• Start bully prevention programs. Since most braggarts torment their peers when adults aren't around, it's critical to enlist students to report the incidents. Reassure students that reporting aggressive behavior is not tattling. Treat common bullying ploys such as confiscating lunch money, hitting, verbal harassment, as criminal behaviors because technically they are extortion, assault, and slander
• Ask the PTA to hire speakers to inform parents, teachers, and students on the issues of cliques, bullies, and peer harassment. Parents especially must be apprised of how critical their cooperation is. The recent "not my child" knee-jerk reaction will sabotage any effective peer harassment policy. Parents have to agree to uphold the commitment to changing the climate from cruelty to kindness.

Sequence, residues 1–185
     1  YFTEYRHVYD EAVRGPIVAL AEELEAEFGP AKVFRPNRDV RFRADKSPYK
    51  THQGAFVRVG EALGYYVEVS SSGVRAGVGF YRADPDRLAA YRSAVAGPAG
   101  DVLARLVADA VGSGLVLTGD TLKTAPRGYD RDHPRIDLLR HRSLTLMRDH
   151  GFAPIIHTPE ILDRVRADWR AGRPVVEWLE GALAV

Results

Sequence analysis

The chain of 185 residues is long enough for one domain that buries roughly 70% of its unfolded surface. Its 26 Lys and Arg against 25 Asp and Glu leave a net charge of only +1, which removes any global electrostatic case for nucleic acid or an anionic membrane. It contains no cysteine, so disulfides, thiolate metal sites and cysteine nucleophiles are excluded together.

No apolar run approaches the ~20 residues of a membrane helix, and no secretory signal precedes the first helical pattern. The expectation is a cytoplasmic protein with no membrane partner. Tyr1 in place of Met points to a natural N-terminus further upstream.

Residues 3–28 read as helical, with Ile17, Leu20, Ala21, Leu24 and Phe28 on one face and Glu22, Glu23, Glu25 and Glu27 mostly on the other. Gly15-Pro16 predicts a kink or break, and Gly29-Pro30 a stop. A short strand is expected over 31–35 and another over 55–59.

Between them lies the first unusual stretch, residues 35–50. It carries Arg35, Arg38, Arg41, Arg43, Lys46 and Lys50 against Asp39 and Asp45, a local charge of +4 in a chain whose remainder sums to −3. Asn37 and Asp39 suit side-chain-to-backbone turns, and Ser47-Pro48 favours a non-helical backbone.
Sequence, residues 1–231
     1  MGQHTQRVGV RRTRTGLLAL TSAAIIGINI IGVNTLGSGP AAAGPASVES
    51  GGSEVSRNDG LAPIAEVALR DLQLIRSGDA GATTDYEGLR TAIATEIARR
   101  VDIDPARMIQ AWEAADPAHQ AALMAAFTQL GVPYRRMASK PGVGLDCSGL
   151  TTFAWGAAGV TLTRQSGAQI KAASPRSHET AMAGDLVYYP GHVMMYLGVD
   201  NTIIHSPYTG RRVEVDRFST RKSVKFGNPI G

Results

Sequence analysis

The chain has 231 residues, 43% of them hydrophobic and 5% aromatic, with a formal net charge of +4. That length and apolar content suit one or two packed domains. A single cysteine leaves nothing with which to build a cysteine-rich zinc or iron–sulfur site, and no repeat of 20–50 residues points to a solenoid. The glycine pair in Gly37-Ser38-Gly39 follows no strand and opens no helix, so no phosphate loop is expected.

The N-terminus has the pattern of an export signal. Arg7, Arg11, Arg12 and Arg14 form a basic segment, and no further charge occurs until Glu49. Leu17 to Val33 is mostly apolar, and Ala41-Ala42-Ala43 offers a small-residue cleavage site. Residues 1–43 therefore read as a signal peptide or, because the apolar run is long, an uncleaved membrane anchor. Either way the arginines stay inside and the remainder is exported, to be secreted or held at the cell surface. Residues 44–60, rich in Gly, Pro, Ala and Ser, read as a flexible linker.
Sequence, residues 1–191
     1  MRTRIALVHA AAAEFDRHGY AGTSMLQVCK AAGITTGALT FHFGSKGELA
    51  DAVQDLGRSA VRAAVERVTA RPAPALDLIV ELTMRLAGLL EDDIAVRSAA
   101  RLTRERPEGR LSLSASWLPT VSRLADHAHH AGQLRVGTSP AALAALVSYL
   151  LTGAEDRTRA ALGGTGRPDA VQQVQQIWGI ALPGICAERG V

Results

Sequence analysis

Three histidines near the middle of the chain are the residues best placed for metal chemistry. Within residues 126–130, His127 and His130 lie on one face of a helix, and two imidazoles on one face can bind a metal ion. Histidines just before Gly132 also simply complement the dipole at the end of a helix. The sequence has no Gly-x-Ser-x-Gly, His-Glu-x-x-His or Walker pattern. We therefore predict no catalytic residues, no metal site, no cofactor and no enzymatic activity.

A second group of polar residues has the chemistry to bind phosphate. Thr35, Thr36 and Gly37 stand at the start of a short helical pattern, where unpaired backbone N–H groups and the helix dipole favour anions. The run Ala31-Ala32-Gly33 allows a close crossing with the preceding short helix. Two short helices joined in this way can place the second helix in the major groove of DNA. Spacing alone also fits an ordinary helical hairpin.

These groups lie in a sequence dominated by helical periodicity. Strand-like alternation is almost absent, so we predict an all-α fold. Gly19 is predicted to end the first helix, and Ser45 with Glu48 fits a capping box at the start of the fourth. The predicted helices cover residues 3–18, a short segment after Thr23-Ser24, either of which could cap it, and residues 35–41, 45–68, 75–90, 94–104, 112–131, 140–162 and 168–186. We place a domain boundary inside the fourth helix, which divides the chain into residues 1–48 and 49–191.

• Is a peer mediation program in place to resolve conflicts? For information on how to launch one, contact the National Middle School Association at 800- 528-NMSA.
• Put social behavior on the school's agenda. Teachers we polled for The Roller-Coaster Years, (66%) recognized scapegoating. Successful clique patrol strategies used to change the class climate from exclusive to inclusive included, "I make sure all students feel welcome in my class. We are all artists here. There is no room for cliques," from a California art teacher to "I change seats every three weeks," reported by a Vermont teacher.
• Incorporate friendship skills and social ethics into the curriculum. Experts note that both idealism and activism emerge during early adolescence. For example, English class might include a term paper titled "The Kindest Gesture I Ever Felt." School projects and after-school clubs need to find ways to help young adolescent flex their idealism and good natures.